In my last post I talked about Frederick Roberts and his being awarded the Victoria Cross during the battle of Colenso. I implied that the award had as much to do with Frederick’s influential father as it did with gallant actions.
As a follow up I wanted to draw your attention to Walter Congreve, who braved his life to rescue Roberts, and was subsequently awarded the VC.
After the Boar War he remained in the army and quickly progressed through the ranks. By 1915 he was a Major-General fighting in the trenches of Northern France.
However, Walter was not the only Congreve in France. His son, William, was a Major in the Rifle Brigade. Here’s wikipedia account of the days before his death:
During the period 6 July/20 July 1916 at Longueval, France, Major Congreve constantly inspired those round him by numerous acts of gallantry. As Brigade Major he not only conducted battalions up to their positions but when the Brigade headquarters was heavily shelled he went out with the medical officer to remove the wounded to places of safety, although he himself was suffering from gas and other shell effects. He went out again on a subsequent occasion tending the wounded under heavy shell fire. Finally, on returning to the front line to ascertain the position after an unsuccessful attack, he was shot and died instantly.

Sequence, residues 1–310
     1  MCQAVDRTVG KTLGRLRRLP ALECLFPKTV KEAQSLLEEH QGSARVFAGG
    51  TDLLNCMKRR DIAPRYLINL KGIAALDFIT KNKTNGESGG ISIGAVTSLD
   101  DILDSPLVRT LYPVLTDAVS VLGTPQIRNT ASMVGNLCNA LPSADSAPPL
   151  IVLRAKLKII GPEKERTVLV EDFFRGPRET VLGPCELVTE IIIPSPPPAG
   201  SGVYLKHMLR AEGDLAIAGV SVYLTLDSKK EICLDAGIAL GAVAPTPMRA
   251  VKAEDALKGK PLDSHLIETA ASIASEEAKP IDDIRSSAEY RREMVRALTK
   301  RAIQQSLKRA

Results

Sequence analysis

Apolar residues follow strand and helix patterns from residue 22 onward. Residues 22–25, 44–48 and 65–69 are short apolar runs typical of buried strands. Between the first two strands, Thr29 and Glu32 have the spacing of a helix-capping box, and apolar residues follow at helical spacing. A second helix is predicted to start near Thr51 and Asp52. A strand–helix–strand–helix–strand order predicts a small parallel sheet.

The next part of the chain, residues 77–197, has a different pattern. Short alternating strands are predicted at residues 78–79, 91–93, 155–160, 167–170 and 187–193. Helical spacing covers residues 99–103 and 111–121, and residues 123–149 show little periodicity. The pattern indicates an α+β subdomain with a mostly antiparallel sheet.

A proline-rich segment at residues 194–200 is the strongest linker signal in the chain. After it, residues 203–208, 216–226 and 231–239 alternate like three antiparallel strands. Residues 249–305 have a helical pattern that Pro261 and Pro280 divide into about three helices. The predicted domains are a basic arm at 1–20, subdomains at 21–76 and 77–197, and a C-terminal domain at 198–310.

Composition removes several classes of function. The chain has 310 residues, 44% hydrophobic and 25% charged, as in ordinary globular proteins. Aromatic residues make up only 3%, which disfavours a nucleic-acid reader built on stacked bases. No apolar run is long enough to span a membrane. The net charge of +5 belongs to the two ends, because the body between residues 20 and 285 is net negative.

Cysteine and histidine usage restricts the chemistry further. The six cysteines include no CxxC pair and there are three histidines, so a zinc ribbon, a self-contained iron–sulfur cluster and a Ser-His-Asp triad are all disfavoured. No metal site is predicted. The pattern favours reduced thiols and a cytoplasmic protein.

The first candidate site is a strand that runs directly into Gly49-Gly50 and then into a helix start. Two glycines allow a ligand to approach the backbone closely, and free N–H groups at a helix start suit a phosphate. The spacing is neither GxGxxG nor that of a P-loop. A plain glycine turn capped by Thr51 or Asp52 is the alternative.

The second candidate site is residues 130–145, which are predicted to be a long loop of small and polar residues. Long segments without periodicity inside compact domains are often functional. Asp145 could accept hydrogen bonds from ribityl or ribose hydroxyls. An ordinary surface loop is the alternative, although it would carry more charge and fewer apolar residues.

For his action William Congreve was awarded the VC.
Is this history repeating its self?
How much does his father’s position play in this mater?
Once again it’s difficult to tell. Having read William Congreve’s diary there is no question he was a brave and committed soldier. However, so where many other soldiers who never received nation’s highest award for gallantry.